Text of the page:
After over two weeks of warm and sunny weather, the last two nights have been very cold and produced a crisis of the kind northern gardeners have to face at least once most springs: a frost warning when many things are already up and growing. Our worst night was last night when the gods decided to remind us we live in Canada.
Empty pots covering plants to protect them from frost
It is a miracle that plants survive the month of May. In fact they gamble their very lives. They cannot wait too long before starting to grow, or they risk not having enough time to reproduce. If they grow too fast, too early, they run the risk of being killed or severely damaged by a late frost. What is a plant to do?
The problem is the same for us gardeners who, whether we like it or not, have to gamble. If you wait long enough, none of your plants will be endangered by a late frost, but then you will get fewer vegetables and things that could have started to bloom in summer will only appear in the fall. Some of these gambles are easily managed. For instance, I start my tomato plants from seed and grow at least twice as many as I will need. I planted out a few last week, well aware that it was too early and that a frost might come. The gamble is, if they do not freeze, a few of my plants will start producing earlier. If the frost kills them, like a general I have more bodies waiting to replace the fallen ones.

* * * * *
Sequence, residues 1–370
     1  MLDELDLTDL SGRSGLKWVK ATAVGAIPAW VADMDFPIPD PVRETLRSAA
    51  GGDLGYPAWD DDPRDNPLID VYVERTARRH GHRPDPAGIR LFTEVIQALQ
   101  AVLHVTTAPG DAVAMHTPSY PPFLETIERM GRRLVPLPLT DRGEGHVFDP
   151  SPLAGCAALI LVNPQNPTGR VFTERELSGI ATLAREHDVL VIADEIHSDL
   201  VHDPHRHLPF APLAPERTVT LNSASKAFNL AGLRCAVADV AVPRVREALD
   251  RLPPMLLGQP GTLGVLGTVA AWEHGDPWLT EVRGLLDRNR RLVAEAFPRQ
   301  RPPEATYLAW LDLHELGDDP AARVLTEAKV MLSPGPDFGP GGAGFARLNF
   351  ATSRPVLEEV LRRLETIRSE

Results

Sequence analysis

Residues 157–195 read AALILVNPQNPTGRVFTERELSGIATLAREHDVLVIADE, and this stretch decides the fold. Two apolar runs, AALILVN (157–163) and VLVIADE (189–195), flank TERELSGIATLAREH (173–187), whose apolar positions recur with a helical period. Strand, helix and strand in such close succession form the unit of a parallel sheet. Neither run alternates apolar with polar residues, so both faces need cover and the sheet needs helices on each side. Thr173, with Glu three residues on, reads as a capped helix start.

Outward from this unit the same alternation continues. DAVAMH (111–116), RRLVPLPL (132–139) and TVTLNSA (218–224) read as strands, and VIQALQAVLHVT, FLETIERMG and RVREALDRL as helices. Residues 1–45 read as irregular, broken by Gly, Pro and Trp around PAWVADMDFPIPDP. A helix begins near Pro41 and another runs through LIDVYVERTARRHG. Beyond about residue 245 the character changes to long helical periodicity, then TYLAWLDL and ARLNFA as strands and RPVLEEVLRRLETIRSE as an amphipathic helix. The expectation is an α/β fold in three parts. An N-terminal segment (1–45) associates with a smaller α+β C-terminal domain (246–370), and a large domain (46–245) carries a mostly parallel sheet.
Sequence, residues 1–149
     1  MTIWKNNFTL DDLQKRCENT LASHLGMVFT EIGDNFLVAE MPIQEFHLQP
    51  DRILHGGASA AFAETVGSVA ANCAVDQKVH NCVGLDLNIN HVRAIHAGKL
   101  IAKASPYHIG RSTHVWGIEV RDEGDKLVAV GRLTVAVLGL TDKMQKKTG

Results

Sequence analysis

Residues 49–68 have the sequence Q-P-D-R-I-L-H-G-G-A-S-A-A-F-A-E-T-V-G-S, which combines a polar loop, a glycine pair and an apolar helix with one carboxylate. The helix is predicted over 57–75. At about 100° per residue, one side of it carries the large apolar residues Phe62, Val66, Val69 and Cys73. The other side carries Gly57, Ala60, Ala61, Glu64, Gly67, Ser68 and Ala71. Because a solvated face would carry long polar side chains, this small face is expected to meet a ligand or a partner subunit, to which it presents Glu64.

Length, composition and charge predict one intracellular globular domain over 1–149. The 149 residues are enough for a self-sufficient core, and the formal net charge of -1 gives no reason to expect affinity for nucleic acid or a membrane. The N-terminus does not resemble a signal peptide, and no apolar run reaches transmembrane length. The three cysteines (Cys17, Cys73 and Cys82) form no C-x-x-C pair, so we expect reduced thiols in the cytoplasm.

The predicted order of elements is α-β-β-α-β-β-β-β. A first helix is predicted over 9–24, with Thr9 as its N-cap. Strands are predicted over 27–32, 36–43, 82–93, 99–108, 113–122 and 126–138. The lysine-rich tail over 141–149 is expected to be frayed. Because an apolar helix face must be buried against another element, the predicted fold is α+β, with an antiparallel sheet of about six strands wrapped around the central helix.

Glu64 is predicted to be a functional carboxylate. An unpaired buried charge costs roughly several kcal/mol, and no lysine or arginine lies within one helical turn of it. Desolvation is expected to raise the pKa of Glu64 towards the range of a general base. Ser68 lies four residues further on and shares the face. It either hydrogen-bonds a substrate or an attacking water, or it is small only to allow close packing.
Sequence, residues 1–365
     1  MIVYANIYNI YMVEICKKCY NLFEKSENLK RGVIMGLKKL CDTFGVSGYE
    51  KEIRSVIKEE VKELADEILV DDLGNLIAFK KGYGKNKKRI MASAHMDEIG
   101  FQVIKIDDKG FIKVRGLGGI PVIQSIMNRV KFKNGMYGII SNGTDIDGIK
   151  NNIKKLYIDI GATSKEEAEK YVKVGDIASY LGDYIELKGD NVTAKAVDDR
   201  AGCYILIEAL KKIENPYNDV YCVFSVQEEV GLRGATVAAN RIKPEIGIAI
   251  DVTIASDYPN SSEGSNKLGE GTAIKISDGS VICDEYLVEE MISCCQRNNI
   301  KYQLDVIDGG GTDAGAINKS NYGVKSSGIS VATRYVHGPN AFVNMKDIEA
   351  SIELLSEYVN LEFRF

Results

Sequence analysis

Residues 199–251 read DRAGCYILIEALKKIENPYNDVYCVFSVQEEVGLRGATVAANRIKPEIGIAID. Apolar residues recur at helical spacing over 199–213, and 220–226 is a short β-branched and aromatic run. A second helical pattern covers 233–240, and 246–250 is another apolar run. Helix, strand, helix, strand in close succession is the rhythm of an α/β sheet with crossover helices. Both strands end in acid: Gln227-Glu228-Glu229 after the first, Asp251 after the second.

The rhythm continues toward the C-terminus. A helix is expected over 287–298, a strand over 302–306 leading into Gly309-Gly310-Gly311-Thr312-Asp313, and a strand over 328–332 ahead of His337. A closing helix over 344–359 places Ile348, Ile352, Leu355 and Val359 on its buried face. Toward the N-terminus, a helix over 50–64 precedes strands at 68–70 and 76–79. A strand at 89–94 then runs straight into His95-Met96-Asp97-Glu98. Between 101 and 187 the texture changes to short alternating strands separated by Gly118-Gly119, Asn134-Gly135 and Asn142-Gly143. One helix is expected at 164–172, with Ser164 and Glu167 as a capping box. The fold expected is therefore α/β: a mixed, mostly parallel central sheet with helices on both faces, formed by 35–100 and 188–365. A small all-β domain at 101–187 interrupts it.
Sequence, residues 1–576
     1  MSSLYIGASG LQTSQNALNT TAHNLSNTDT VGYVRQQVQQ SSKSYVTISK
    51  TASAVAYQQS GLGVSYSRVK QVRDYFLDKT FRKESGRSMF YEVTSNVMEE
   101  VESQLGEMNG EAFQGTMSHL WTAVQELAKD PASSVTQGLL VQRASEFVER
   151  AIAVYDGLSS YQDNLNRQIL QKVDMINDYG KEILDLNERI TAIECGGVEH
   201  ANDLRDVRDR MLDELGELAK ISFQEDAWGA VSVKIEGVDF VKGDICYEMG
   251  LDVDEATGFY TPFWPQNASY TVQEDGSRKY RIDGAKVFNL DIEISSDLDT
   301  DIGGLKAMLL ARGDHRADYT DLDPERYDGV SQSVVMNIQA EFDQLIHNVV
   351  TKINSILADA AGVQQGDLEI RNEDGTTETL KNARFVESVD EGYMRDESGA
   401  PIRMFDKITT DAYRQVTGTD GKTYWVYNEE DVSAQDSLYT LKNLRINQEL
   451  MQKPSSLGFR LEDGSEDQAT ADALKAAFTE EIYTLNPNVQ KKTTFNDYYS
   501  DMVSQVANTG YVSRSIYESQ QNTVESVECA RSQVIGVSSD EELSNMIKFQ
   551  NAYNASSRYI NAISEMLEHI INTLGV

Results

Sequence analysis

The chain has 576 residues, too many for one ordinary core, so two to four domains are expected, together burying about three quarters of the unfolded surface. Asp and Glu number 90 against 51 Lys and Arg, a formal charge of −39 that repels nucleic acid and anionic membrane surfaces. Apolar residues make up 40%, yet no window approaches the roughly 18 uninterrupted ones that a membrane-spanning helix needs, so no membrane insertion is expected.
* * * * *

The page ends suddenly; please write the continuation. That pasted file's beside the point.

A frost warning, especially after a long warm period as we just had, necessitates a “branle-bas de combat”, in other words, a managed commotion where all available “covers” are called into service. Lots of things can be used: old sheets that kept you warm and are now requested to keep the plants cosy, floating row covers, pots, even wheelbarrows (in this case tipped over some lilies) can be put to good use.
The important thing is to know what to cover. A lupine is tough and cold resistant. An emerging lily is very cold sensitive. The frost is unlikely to kill it, but will deform the plant and the flowers. My approach is cover everything I can think of that seems fragile and let the tougher plants fend for themselves. These last two nights I mostly covered lilies, some annual seedlings and, of course, Mrs Slocum (see previous post), over whose pot I put a sawhorse on which I draped nothing less than a sleeping bag with a plastic sheet on top. The plastic is to prevent the sleeping bag from getting wet. In itself, it offers hardly any protection against frost. There was a little bit of frost on the plastic sheet on Monday morning, but Mrs Slocum was untroubled and had spent a good night in her sleeping bag.
|Lotus Mrs Slocum covered with a sleeping bag to protect if from the frost|
As it turned out, clouds moved in during the night, and temperatures last night did not dip below +2°C, and all this covering was a case of better be safe than sorry.